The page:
Friday, January 14, 2011

Remembering the Magic

When I was a child, my two great-aunts, wives of King Rama VI, were still very much alive.  We would often go and visit them on a Sunday afternoon.  They had many stories to tell about life at court —some of them quite scurrilous by today's standards — but most of all they told of a time devoted to music and drama and poetry, where every day someone was putting on a production at court.

In 2001 when I composed the opera Madana it was to help in the restoration of one of King Rama VI's palaces in Bangkok which had seen many uses since the WW II and was now part of a hospital.  When I saw my great-aunt's royal bedchamber converted into a radiology lab, it was a very strange feeling, as the doors still had the stained-glass images of roses from the play Madanabada which King Rama VI dedicated to my great-aunt Praphai (HM Queen Indrasakdisachi.)

Ten years later we were invited to bring the kids of the Siam Sinfonietta to another palace that was a residence of my great-aunt, the seaside palace of Mrigadayavan in Hua Hin.  When we arrived I had the opportunity to stroll through the "women's quarters" which would in those days have been absolutely forbidden to any male except the king himself, and to see the room she slept in, including a pink dress she once wore, laid out, the mosquito netting spread over her bed, and a wedding photograph on the dressing-table.  It was a very strange feeling; I could hear her voice in my head.  The last time I ever spoke to her was at the funeral of my great-great-aunt, Indrasakdisachi's mother.  In the midst of that spectacle Her Majesty my great-aunt said about me, "Watch out for that kid.  He's not afraid of anyone!"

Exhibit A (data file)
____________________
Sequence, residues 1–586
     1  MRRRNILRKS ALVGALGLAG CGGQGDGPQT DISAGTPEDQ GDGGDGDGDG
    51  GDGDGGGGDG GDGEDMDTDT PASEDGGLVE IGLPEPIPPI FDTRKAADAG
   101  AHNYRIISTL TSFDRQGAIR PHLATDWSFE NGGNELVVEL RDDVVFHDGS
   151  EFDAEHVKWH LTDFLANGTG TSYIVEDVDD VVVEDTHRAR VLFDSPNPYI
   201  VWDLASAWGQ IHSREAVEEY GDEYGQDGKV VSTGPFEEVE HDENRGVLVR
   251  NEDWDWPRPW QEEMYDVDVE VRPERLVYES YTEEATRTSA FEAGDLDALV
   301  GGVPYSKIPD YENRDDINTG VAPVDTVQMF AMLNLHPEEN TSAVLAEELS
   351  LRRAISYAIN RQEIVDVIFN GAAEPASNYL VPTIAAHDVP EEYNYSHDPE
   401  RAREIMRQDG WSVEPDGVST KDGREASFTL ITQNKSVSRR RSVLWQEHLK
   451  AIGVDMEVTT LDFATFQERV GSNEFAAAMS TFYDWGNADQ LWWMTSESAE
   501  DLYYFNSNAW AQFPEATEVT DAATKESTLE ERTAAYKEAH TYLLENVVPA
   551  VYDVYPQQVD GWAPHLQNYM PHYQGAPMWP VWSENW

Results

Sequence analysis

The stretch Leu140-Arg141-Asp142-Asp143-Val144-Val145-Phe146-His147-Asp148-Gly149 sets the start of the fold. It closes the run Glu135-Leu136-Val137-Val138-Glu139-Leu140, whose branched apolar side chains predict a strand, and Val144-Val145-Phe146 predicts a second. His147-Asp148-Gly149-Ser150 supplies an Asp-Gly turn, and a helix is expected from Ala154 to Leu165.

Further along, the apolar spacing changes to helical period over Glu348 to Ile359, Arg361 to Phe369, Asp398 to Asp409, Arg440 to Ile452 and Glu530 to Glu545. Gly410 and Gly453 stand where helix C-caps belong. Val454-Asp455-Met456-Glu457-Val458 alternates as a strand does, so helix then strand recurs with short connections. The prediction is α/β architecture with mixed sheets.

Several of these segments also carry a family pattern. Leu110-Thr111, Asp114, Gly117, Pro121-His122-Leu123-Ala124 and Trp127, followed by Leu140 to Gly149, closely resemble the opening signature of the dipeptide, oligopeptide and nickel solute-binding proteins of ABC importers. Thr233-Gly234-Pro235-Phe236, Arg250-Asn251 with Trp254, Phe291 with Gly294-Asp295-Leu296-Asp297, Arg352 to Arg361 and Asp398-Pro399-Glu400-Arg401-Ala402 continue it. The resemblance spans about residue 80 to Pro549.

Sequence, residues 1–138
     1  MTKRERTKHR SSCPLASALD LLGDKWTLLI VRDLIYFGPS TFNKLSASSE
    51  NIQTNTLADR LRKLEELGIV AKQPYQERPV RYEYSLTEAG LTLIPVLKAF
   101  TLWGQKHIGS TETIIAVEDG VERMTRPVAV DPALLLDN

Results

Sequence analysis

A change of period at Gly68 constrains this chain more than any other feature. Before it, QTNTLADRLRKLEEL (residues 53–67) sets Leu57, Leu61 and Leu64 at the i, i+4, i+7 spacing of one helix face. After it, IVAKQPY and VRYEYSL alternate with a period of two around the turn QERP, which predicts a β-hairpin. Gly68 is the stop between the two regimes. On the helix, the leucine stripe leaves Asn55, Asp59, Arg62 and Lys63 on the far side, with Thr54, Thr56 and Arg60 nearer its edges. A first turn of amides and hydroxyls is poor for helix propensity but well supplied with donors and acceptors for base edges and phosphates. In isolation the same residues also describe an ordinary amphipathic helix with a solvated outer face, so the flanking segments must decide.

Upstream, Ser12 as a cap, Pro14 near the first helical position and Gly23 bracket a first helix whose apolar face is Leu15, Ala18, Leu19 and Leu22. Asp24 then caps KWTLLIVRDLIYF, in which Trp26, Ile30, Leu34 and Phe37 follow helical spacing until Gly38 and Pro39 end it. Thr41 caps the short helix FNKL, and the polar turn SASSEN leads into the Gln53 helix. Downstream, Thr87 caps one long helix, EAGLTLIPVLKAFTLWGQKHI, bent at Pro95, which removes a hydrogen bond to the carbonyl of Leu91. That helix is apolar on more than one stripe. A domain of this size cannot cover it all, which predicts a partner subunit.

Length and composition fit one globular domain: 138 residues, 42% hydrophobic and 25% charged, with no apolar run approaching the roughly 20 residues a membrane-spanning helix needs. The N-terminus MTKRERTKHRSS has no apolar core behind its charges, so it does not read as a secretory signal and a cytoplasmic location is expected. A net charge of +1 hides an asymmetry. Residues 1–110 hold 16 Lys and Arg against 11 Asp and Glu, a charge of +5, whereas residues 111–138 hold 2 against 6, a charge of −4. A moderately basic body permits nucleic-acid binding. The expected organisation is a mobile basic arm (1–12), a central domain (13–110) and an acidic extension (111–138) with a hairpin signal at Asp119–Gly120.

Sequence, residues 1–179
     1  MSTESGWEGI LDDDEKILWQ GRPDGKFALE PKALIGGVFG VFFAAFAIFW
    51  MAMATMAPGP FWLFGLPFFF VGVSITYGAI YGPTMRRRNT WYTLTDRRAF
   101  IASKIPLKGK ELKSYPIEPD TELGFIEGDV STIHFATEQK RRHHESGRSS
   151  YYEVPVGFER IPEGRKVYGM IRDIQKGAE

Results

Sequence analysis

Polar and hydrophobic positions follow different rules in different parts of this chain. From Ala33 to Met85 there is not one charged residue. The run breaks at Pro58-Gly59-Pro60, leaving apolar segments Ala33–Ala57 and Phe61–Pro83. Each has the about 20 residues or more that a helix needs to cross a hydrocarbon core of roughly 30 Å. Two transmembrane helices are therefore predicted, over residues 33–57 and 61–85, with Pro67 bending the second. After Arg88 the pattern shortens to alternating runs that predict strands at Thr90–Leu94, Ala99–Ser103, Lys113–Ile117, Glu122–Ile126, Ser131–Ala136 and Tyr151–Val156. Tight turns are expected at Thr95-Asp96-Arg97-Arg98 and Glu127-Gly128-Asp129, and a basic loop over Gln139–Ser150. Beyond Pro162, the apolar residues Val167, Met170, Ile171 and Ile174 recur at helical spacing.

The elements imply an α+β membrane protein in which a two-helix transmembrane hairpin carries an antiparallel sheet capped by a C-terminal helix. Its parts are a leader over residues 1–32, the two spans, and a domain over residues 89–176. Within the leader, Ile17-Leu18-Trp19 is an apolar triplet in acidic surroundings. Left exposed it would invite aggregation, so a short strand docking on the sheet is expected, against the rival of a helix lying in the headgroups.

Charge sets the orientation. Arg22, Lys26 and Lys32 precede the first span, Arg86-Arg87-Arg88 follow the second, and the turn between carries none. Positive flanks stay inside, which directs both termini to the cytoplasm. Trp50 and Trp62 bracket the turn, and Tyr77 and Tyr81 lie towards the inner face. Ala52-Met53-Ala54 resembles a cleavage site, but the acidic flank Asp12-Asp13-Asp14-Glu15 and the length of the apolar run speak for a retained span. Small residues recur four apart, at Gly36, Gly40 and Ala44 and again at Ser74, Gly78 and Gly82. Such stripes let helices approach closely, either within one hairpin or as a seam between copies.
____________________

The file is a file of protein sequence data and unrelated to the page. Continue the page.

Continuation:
Imagining her as a young woman in the baby-blue painted room wearing the pink flapper dress, I remembered the stories she and her sister, Phra Sucharitsuda the royal consort, used to tell me.  Suddenly the palace was not an empty place but full of the sounds and colors of the 1920s.

The concert took place in a royal hall that was open to the garden.  There was a balcony where the king used to sit to watch the proceedings - often his own plays being performed with my great-aunts as some of the key players.

So when we performed, when we rehearsed in that hall, it was like reliving that era.  I think the feeling of magic infected all the kids as well.  The Mrigadayavan Palace people put us up in some beautiful seaside cottages right there on the estate and there was swimming and beach play every morning.

On the Saturday the kids played a Haydn, Rossini and Mozart programme ... sadly, the flute player's father passed away during the weekend and he had to run back to Bangkok.  The concert was well attended and afterwards we had some wonderful rehearsal time to start getting into "Peter and the Wolf" and Mozart's 39th Symphony.

The next day we had a splendid mini-concert at another royal residence, the Chom Dong Villa which was a former home of HM Queen Rambhai Bharni, who was queen during the reign of Rama VII.

 The concert was accompanied by a lovely pizza dinner served from Chom Dong's huge outdoor pizza oven.  Celebs there including Patravadi the well known Grand Dame of avant-garde theatre accompanied by the kids from the school she has founded for brilliant young theatre arts teenagers.

There were also about 50 kids from another local school who completely new to classical music, and that was fun as well.

These are the kinds of events that make all this angst I go through worth while.

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